EFC

We as members of the European Foundation Centre Aisbl (EFC), public-benefit foundations and corporate funders from across Europe and beyond, are deeply concerned about recent developments affecting the NGO sector in Russia.

The European foundation sector has grown significantly over recent decades, and has become more international. As an integral part of our public-benefit work, we as foundations often support beneficiaries across borders. We believe strongly that charitable contributions should easily flow from one country to another, without the worry that beneficiaries will suffer negative consequences for receiving those funds. The right of NGOs to freely receive funding from national and foreign individuals and legal entities is at the core of the “Fundamental principles of the status of NGOs in Europe”, adopted in 2002 by the Council of Europe.

The Russian philanthropic sector has seen steady, positive progress in recent years and has made significant contributions to Russian society. The positive development includes a significant growth of the sector; the introduction of tax incentives for individual donors; and increased cross-sector engagement of public authorities, NGOs and business through the “open government” approach. The Russian foundation sector is part of the European and international foundation community. At a 2011 conference organised by the Civic Chamber of the Russian Federation, the EFC had the opportunity to gain a deeper insight into recent developments in the Russian philanthropic landscape, and exchanged views and ideas with representatives of Russian foundations, NGOs and public authorities. This exchange highlighted common support for the promotion of an enabling, transparent and accountable environment for philanthropy in Europe and beyond.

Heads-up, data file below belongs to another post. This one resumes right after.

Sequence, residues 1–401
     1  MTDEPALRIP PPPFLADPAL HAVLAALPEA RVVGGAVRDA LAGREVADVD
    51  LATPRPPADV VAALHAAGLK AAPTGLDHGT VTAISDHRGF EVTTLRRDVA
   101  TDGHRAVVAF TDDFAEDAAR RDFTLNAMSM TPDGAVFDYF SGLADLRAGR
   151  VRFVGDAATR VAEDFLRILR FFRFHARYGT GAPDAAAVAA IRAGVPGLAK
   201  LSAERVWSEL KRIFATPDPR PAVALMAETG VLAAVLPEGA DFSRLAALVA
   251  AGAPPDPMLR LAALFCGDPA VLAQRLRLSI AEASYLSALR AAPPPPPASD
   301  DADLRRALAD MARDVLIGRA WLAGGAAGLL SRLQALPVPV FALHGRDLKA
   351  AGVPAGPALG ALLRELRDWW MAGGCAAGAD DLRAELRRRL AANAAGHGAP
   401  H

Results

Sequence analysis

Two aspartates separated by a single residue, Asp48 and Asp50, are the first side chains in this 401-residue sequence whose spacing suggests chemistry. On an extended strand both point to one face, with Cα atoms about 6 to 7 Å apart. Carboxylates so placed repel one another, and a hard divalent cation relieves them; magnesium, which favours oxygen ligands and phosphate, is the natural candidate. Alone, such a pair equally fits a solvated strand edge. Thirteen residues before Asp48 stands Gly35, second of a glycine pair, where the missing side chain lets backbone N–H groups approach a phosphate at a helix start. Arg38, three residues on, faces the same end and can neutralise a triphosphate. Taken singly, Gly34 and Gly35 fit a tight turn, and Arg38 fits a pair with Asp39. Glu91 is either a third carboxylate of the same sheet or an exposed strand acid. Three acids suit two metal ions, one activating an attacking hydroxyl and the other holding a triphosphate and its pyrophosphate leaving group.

We are now deeply concerned about the application of amendments made in 2012 to the NGO law in Russia. These changes introduced the concept of an NGO performing functions of a “foreign agent” to refer to Russian NGOs receiving foreign funding and participating in “political activity” in Russia. While we fully accept that party political activities undertaken by public-benefit organisations can be restricted, recent incidents suggest that the term “political activity” as it appears in the Russian NGO law is being too broadly interpreted, clearly going beyond party political activities. The result of this is that some organisations carrying out public-benefit activities are now being restricted by the implementation of this regulation. The labelling of beneficiaries of funds from outside of Russia as “foreign agents” stigmatises these organisations and undermines their valuable work for the benefit of Russian society.

The EFC and its members would value a continuation of dialogue and exchange of good practices and call upon the Russian authorities to review the implementation of the law governing NGOs in Russia to ensure an enabling environment for philanthropy. The EFC is ready to share information and best practices on philanthropy law from other European countries.

This statement was released by EFC members during the 24th EFC AGA and Conference in Copenhagen and has been sent to the relevant authorities in Russia, as well as disseminated within the philanthropic community.

www.efc.be

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